5 Credit Mistakes To Avoid As A Homebuyer

Dated: 02/04/2019

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You've been renting for a while and, as your friends begin buying homes of their own, you decide that you too might be ready to invest in a place of your own. You've had a stable job for some time, decent income, and you're sick of wasting money on rent. Buying a house may be the next step for you, but before you become an active homebuyer, you will want to give these 5 items some consideration. 

1. Not knowing what's in your credit file. The last thing you want is a surprise when you're applying for a mortgage. Nothing on your credit should surprise you. If you have any collections accounts or bad info in your file, now is the time to fix that. A lot of times, an account goes to collections because of a lack of communication or awareness. Many people just don't know they had an outstanding balance sent to collections. Take a few minutes to run a free credit report on any of the free credit sites like Credit Karma or FreeCreditReport.com. Many credit cards also offer a free FICO score. You will want to ensure any negative marks on your credit are resolved before applying for a mortgage as this will seriously impact your qualification and jack up your interest rate.

2. Applying for mortgages over a long period of time. While you will want to pull your credit 6 months to a year before you're going to seriously start looking to buy, you don't want to have multiple lenders pulling your credit every few months. Do all your mortgage shopping within a 14-45 day window. Ask you lender how long credit inquiries will remain grouped and only counted as a single pull. Multiple hard pulls on your credit will not only negatively affect your credit, but it will also ensure you don't move forward to purchase.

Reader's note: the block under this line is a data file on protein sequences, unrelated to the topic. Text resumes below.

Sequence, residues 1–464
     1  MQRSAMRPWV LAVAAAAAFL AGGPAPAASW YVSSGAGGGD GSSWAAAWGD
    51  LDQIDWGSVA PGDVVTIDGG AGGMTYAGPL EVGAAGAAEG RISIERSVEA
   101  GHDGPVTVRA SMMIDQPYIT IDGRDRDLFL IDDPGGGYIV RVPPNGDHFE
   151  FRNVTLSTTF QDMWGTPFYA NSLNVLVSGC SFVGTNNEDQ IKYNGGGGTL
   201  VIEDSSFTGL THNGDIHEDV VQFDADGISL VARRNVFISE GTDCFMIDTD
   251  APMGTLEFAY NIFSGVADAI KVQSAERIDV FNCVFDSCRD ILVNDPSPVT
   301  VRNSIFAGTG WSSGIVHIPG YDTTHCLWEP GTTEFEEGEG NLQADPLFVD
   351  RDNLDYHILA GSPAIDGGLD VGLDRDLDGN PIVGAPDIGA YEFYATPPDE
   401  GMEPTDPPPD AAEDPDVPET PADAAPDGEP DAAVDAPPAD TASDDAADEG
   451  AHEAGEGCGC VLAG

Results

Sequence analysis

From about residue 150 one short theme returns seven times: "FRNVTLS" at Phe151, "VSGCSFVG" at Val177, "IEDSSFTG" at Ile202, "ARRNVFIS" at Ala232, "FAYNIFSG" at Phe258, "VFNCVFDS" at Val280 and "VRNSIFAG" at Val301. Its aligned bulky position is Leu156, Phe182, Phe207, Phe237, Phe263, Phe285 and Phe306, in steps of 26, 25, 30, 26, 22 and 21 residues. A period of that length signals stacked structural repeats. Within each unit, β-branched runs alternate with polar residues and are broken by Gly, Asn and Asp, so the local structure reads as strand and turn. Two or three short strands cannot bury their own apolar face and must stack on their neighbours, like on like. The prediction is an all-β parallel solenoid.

3. Opening new lines of credit. First of all, opening a new line of credit does issue another hard pull on your credit so that's strike one. Secondly, using a line of credit will increase your debt to income ratio which in turn may increase your rate. Stay away from large purchases and credit spending until after you've closed escrow.

4. Maxing out existing credit lines. Moving is expensive, especially if relocating to a new city or state. There's nothing wrong with spending money on movers and new furniture; it's necessary. Just wait until after closing. Any large sums of money spent during your shopping or escrow processes will increase your debt to income ratio and, as stated above, will negatively affect your rate.

5. Failing to forward your bills. Don't create credit problems for yourself after the purchase. As we mentioned in item one, many people have accounts in collections because they had no idea the city sent their closing utility bill to their old address. Make sure to have all your bills forwarded, particularly utilities bills and anything else pertaining to your previous residence.

A mortgage broker can help you correct your credit and identify the best rate for you based on your income and credit qualifications. If you're just beginning your search for a home, start with a good lender who can help point you in the right direction.

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Liz Peters DRE#02035164

An Orange County native and Team Manager of The Kurt Real Estate Group with a heavy background in both Marketing and Transaction Coordinating, Liz has handled it all - from listings to buyers, from t....

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